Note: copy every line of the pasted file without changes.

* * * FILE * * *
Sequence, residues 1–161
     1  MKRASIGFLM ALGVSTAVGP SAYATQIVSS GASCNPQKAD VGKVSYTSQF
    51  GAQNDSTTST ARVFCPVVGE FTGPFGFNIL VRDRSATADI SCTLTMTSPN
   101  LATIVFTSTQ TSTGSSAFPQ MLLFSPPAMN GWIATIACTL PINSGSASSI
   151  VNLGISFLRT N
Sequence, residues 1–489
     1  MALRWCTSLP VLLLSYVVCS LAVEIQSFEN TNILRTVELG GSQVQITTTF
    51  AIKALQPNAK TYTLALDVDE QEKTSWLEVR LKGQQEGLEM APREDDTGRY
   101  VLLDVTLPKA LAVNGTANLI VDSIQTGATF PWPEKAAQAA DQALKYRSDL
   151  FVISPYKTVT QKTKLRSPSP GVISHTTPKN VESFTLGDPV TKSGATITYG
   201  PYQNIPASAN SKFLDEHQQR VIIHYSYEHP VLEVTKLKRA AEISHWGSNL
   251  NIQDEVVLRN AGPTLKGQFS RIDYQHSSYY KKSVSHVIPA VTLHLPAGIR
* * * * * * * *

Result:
Sequence, residues 1–161
     1  MKRASIGFLM ALGVSTAVGP SAYATQIVSS GASCNPQKAD VGKVSYTSQF
    51  GAQNDSTTST ARVFCPVVGE FTGPFGFNIL VRDRSATADI SCTLTMTSPN
   101  LATIVFTSTQ TSTGSSAFPQ MLLFSPPAMN GWIATIACTL PINSGSASSI
   151  VNLGISFLRT N
Sequence, residues 1–489
     1  MALRWCTSLP VLLLSYVVCS LAVEIQSFEN TNILRTVELG GSQVQITTTF
    51  AIKALQPNAK TYTLALDVDE QEKTSWLEVR LKGQQEGLEM APREDDTGRY
   101  VLLDVTLPKA LAVNGTANLI VDSIQTGATF PWPEKAAQAA DQALKYRSDL
   151  FVISPYKTVT QKTKLRSPSP GVISHTTPKN VESFTLGDPV TKSGATITYG
   201  PYQNIPASAN SKFLDEHQQR VIIHYSYEHP VLEVTKLKRA AEISHWGSNL
   251  NIQDEVVLRN AGPTLKGQFS RIDYQHSSYY KKSVSHVIPA VTLHLPAGIR